Analysis may be considered one of the most important areas regarding the reception of Bruckner’s symphonies. This is especially so, if the autograph manuscripts are the chosen source. The lack of essential markings in these scores may leave room for various interpretations of the music. All that may be left to decide is how an analysis of these scores should proceed. The performance of any given symphony may bring out certain features of the piece. It could emphasize Bruckner as the church organist or mystical genius. It may focus on the harmonic implications of the music and the influence of Wagner’s music dramas. Another choice may be to opt for the first edition where more detail is provided in the score. Botstein (1996), favours the first ‘Schalk’ edition of the fifth symphony saying that,
‘I believe the 1986 edition to be valid biographically (in terms of Bruckner’s relationship to it; it may bear his explicit approval), historically (this was the version that helped establish Bruckner’s fame and reputation and was in use for nearly half a century), and musically (I have performed it several times and plan to record it next season because of its persuasive structural balance and economy and its effective orchestration), (Botstein, p.2).
It may be the case that any performance of a Bruckner symphony contains a certain amount of subjectivity. Botstein compares this scenario with that of Gustav Mahler’s symphonies, and suggests that modern performance practice does not entirely reflect the composer’s intention.
‘One suspects that the surface of sensuality, scale, sentiment, and mere pathos in Mahler has been highlighted by smug devotees who in their nearly hysterical attachment to a particular image of the music and the man satisfy a need to demonstrate to others their own presumably profound artistic sensibilities’ (Botstein, p.4).
It may be inferred from this statement that the ‘artistic sensibilities’ described differ somewhat from Botstein’s own. This only underlines the subjectivity that is involved in any musical performance. The most brilliant and passionate of musical performances may well be the product of Botstein’s ‘smug devotees’.
The symphonies of Anton Bruckner have had a more colourful reception history than most. The Nazi appropriation can still be felt to affect certain aspects of Bruckner scholarship today. Among the most important of these is the choice of performing editions. The underlying problem being how to distinguish which editions are authentic, and which are a product of national socialist ideology. The use of Bruckner’s symphonies as cultural propaganda is not something that can be swept under the carpet. In searching for a truly authentic performance of a Bruckner symphony, its reception history must be taken into account. This situation seems to be complicated further by the modern conception of the musical work, whereby an authentic performance is tied to a definitive version of the score. The music on the page may be one half of the story, the symphony only really coming to life once it is performed. If there is no general consensus as to which score should be used, then there is no reason why this should stand in the way of a good performance. The autograph manuscripts contain enough detail to enable a performance. A certain freedom of interpretation should be encouraged. It may be that a new performance alters people’s perception of that piece. There will always be good and bad performances and it is hopefully the good ones that will be remembered and influence further performances. In the same way that the history of Bruckner’s symphonies should not be forgotten, the present day will obviously make its own impression. As much as some would like to realize an authentic nineteenth century performance, this may be as impossible as Bruckner composing a twenty-first century film score. The thoughts and ideas that inspired Bruckner to compose these pieces may forever be a mystery. Even if we did know exactly what this motif, and that crescendo meant to Bruckner, a twenty-first century musician would still only provide an interpretation of these thoughts. Regarding the Nazi appropriation, these are aspects of the music which are almost impossible to translate into a modern-day performance. In this day and age where sympathy for the Nazi party is almost non-existent, it may be felt that the only possible translation of the music in this way would be as a bitter reminder of one of the greatest tragedies in human history.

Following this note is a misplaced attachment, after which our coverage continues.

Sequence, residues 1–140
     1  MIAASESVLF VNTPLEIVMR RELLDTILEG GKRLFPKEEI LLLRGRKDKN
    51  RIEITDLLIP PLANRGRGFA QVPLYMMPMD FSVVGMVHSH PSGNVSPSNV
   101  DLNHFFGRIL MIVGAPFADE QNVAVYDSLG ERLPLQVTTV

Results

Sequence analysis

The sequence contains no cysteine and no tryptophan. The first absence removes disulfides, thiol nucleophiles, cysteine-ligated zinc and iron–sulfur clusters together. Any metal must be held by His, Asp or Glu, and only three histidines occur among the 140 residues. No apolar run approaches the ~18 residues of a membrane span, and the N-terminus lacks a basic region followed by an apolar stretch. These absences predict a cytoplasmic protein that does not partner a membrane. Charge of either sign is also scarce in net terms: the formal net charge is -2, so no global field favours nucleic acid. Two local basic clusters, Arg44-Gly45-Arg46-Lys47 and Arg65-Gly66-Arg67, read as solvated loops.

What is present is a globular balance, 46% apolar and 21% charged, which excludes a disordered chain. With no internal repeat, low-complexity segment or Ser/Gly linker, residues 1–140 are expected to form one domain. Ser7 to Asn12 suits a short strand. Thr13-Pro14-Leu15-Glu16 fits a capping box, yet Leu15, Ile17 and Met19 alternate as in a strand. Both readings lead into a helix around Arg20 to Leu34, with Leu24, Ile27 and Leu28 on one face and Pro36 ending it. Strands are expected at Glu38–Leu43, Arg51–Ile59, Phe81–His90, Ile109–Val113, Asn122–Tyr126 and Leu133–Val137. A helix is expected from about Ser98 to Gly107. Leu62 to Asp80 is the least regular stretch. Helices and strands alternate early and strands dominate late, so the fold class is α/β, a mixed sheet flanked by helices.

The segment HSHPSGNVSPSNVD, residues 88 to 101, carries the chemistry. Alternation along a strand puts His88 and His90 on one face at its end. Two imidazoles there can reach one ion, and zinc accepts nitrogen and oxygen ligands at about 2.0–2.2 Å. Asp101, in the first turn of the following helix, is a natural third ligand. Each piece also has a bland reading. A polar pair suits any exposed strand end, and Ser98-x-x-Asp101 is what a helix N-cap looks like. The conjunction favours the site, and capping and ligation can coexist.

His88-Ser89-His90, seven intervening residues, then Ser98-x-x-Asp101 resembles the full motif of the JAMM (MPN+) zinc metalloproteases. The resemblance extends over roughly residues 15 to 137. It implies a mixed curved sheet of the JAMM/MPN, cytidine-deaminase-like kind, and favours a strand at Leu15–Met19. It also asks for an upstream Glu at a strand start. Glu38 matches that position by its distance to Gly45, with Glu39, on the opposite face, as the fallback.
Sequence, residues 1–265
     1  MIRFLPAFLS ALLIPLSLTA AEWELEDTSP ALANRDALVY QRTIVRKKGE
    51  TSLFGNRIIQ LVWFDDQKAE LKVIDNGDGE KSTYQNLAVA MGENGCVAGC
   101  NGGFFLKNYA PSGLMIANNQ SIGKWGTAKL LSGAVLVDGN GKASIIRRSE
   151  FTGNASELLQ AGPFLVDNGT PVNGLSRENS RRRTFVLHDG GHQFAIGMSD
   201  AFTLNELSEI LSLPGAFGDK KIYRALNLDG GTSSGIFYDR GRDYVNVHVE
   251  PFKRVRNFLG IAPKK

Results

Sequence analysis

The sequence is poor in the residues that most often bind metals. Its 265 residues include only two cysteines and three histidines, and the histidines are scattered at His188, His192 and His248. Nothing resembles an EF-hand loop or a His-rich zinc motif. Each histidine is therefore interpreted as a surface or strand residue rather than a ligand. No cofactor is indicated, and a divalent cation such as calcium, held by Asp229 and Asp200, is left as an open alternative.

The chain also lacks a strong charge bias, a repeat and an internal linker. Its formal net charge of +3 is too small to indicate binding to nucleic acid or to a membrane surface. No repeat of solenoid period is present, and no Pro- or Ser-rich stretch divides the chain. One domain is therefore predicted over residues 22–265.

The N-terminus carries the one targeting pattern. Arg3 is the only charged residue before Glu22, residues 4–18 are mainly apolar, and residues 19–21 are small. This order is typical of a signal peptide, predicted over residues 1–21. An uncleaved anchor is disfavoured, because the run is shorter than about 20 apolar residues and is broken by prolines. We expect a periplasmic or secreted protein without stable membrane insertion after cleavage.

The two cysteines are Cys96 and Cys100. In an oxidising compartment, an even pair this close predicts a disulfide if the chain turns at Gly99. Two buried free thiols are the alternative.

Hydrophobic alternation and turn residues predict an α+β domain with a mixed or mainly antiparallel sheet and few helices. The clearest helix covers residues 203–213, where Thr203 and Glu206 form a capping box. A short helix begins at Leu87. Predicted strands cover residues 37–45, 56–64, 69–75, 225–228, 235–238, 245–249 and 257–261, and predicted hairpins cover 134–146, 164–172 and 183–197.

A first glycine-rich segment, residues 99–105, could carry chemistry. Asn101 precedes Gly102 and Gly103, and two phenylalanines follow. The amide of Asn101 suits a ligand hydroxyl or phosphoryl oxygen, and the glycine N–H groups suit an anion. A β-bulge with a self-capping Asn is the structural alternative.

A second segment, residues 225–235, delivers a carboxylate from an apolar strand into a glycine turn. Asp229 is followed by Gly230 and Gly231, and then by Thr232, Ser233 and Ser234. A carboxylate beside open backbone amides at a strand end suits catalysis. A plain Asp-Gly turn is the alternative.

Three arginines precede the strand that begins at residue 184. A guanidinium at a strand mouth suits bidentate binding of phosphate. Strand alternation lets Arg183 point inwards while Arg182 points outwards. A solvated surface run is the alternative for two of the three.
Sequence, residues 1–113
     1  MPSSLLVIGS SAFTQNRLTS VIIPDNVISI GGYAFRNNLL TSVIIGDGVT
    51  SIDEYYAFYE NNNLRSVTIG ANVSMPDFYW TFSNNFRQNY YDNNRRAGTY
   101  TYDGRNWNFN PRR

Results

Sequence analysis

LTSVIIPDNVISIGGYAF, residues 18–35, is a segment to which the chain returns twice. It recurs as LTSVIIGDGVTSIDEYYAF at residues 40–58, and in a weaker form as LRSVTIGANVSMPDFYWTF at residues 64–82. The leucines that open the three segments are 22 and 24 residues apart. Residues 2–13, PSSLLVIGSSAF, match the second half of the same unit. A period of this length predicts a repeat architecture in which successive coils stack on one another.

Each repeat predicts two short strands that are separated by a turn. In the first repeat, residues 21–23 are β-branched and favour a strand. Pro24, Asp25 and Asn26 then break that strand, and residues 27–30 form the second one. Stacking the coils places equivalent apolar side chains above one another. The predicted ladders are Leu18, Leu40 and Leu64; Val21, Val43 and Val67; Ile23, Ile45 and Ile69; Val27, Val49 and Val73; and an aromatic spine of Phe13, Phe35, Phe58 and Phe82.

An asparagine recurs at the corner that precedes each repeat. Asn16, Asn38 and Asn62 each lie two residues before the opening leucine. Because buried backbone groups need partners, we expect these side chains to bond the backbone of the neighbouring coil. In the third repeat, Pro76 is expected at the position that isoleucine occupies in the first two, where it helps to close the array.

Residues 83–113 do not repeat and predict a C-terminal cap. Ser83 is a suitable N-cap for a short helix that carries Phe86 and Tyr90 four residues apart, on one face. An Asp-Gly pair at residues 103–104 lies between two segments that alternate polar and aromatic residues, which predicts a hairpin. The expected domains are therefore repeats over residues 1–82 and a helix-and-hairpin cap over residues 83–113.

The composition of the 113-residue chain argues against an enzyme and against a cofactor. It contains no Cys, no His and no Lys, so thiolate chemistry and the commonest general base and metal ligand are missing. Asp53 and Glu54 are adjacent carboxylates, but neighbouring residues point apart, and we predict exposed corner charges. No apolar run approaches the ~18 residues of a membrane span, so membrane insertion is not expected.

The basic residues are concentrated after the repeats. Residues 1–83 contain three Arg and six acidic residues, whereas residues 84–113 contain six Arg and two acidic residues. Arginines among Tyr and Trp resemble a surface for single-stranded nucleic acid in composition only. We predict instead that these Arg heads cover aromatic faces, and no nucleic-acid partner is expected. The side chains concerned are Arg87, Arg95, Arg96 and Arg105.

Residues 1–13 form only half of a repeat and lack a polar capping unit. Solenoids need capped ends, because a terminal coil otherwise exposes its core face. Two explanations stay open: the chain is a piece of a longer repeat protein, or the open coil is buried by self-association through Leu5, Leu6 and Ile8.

Julian Horton: Bruckner’s Symphonies: Analysis, Reception and Cultural Politics (Cambridge University Press, 2004), Erik Levi: Music in the third Reich (Macmillan Press, 1994), Leon Botstein: ‘Music and ideology: Thoughts on Bruckner’, The Musical Quarterly, Vol.80 No.1 (1996), pp.1-11, John Michael Cooper: ‘Appendix: Joseph Goebbels’s Bruckner address in Regensburg (6 June, 1937)’, The Musical Quarterly, Vol.78 No.3 (1994), pp.605-609, Bryan Gilliam: ‘The annexation of Anton Bruckner: Nazi revisionism and the politics of appropriation’, The Musical Quarterly, Vol.78 No.3 (1994), pp.584-604, Bryan Gilliam: ‘Bruckner’s annexation revisited: A response to Manfred Wagner’, The Musical Quarterly, Vol.80 No.1 (1996), pp.124-131, Benjamin Korstvedt: ‘Anton Bruckner In the third Reich and after: An essay on ideology and Bruckner reception’, The Musical Quarterly, Vol.80 No.1 (1996), pp.132-160, Gyorgy Ligeti: ‘On music and politics’, Perspectives of new music, Vol.16 No.2 (1978), pp.19-24, Margaret Notley: ‘Bruckner problems in perpetuity’, 19th Century Music, Vol.30 No.1 (2006), pp.81-93, Martina Viljoen: ‘Questions of musical meaning: An ideology-critical approach’, International review of the aesthetics and sociology of music, Vol.35 No.1 (2004), pp.3-28, Manfred Wagner, Response to Bryan Gilliam regarding Bruckner and national socialism, The Musical Quarterly, Vol.80, No.1, pp.118-123